Alumnus Simran Jeet Singh ‘06, Ph.D is taking Trinity’s legacy to new heights


Photo provided by Katie Storey.

Simran Jeet Singh, Ph.D, has attended and taught at Ivy League institutions since graduating from Trinity in 2006, and served as an assistant professor of religion at Trinity in 2016. “Trinity was the place where I came to feel I had a place in this world,” Singh said.

Simran Jeet Singh ‘06, Ph.D.’s track record includes executive director of the Inclusive America Project at the Aspen Institute, acclaimed author, and frequent contributor to TIME Magazine, and the Washington Post. With a Twitter following of over 80,000 and participating in talk shows like “The Daily Show with Trevor Noah,” it’s not a stretch to call him an influencer of sorts. However, before Singh was named one of TIME Magazine’s sixteen people fighting for a more equal America, he was an undergraduate at Trinity, trying to find a place in this world.

Singh enrolled in Trinity as a freshman in 2002 and explained his experience as a self-described “turban-wearing, brown-skinned, beard-loving Sikh” growing up in San Antonio.

“It was right after 9/11 for me, so there were multiple encounters with racism and law enforcement and what my roommates did and what students at Trinity did and didn’t do,” he said. Singh shares more about these encounters in a post-9/11 America in his new book The Light We Give: The Power of Sikh Wisdom to Transform Your Life, which will be published summer of 2022, and hopes that fellow students will be able to find points of connection in it.

Despite these struggles, Singh was very active on campus, participating in the Trinity Multicultural Club (what is now Trinity’s Interfaith-focused Spiritual Life group), the Trinity Multicultural Network (now Trinity Diversity Connection) and spent what he considered “way too much time playing sports” at Trinity. Singh notably started an intramural basketball team called The Ninjas with his hall as a freshman that made history as the first team not affiliated with a Greek organization to win the men’s IM overall championship in 2005. He also was a reporter on the Trinitonian and even ran his own humor column called “Sim’s City,” accessible in the Trinity archives, that featured his playfully self-deprecating wit.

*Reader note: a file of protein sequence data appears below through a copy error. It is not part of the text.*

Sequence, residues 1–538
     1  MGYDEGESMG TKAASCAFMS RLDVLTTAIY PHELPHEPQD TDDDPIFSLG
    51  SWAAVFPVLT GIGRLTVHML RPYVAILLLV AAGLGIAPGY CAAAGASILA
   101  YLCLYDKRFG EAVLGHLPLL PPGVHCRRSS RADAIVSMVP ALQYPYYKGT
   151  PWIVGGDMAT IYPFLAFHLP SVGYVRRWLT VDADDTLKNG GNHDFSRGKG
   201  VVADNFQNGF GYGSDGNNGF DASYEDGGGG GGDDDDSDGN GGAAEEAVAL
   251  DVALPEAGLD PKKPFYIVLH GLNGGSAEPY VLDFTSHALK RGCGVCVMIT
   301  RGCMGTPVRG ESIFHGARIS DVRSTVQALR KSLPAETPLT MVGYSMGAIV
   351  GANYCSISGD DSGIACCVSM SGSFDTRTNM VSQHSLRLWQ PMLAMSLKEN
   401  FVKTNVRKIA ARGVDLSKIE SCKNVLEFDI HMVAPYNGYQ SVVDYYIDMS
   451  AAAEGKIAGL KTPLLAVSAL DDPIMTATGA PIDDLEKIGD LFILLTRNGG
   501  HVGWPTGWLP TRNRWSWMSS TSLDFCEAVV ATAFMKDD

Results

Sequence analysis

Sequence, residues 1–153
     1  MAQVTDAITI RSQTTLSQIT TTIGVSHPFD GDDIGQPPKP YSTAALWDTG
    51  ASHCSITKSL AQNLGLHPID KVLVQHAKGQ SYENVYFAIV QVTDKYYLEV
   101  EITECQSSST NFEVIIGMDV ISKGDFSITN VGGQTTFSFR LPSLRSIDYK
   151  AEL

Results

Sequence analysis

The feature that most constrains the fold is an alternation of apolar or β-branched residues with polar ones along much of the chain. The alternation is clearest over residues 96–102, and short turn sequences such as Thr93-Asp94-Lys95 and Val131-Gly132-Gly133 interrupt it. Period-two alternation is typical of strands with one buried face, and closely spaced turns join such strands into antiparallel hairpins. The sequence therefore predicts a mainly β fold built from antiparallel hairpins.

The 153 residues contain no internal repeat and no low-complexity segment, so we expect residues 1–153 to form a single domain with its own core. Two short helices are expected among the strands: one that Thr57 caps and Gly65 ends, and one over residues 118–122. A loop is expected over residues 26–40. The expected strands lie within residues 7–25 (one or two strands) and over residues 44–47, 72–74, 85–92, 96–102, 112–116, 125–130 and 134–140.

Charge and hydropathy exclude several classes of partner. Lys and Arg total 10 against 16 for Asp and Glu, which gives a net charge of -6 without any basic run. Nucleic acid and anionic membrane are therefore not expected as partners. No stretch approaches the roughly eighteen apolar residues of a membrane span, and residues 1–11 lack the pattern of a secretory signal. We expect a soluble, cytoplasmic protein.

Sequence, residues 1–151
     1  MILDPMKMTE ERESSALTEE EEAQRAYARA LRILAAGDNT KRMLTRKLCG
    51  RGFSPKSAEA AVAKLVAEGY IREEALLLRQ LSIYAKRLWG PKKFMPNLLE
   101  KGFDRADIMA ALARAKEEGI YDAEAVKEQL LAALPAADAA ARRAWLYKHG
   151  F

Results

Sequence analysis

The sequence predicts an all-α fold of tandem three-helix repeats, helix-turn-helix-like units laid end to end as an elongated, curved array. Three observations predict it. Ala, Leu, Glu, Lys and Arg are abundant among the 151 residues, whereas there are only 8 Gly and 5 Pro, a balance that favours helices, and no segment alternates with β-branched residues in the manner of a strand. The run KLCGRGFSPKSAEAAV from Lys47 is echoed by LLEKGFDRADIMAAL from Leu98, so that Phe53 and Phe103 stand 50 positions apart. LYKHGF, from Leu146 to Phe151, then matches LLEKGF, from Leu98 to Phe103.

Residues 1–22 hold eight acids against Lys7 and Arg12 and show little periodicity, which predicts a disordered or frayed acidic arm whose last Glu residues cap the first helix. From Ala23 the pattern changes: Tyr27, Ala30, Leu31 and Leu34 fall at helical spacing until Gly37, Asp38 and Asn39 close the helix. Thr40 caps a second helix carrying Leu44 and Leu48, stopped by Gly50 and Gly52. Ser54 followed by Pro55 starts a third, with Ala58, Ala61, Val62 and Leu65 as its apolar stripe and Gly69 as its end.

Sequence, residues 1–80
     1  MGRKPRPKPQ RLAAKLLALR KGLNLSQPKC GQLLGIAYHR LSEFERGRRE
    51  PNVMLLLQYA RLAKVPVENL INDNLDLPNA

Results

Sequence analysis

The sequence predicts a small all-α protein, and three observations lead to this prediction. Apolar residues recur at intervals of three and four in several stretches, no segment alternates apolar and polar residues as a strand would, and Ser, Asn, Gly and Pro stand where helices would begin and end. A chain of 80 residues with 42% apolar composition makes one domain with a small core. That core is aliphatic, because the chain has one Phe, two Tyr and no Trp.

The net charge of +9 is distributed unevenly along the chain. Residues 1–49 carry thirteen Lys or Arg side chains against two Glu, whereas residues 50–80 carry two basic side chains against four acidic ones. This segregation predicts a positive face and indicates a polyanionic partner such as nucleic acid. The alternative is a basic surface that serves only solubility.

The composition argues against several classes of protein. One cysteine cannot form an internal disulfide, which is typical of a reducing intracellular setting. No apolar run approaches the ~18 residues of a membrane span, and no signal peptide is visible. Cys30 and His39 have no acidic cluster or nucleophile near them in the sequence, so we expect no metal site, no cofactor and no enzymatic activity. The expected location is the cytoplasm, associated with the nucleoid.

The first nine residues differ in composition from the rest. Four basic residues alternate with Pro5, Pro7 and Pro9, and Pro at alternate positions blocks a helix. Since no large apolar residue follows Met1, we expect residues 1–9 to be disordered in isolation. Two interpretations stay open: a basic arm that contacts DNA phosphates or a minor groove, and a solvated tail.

“I’ve studied and taught at other places, at Ivy League institutions, and I’ve come to really appreciate that Trinity students tend to have a really nice balance in terms of the seriousness with which they take their work, but also their ability to enjoy life,” Singh said.

Singh also explained how Trinity prepared him for life after graduation, receiving his BA in religion and religious studies.

“Trinity was the place where I came to feel I had a place in the world,” Singh said. “You know, I loved life, even before I joined Trinity, but I didn’t really feel like I had a purpose. I would just play soccer, watch basketball and hang out, and life was fun, but I didn’t see what my contribution to the world could be, if anything. I felt like I didn’t have much to offer. Learning through trial at Trinity gave me the opportunities to explore different ideas that went beyond what we had been exposed to in school previously and also gave me opportunities to try different kinds of things. I think I switched majors maybe seven times at Trinity. I was involved in a bunch of clubs. Like, I volunteered in things and had different jobs. All of it helped me figure out what it was I enjoyed, what I could be good at and what I wanted to make of myself. Really, I think the spirit of giving beyond yourself is something that has always been instilled in me, but there’s an ethos of that at Trinity that I really value. Learning what that could look like professionally is something that I started to understand while I was at Trinity.”

After leaving Trinity, Singh went on to earn three master’s degrees at Harvard and Columbia and his Ph.D. at Columbia. He also returned to Trinity in 2016 as an assistant professor in the Department of Religion.

“I was aware that I wouldn’t be the person I am today, personally or professionally, without my experiences at Trinity,” Singh said. “The opportunity to go back and provide that for other students who came from places like where I grew up and who had experiences I had when I grew up felt really special to me.”

Singh now lives in New York City with his wife and two daughters. At the Aspen Institute, he collaborates with thought leaders all around the world to help advance society.

“The best thing about the college experience is the opportunity to explore,” Singh said. “It takes courage to do that. Don’t be afraid to put yourself out there, try new things, see what you like. Don’t be afraid to fail. I definitely did at Trinity quite a bit. Give yourself a chance to learn and grow and push your limits, and I think the more you do that, the more you’ll gain out of that experience.”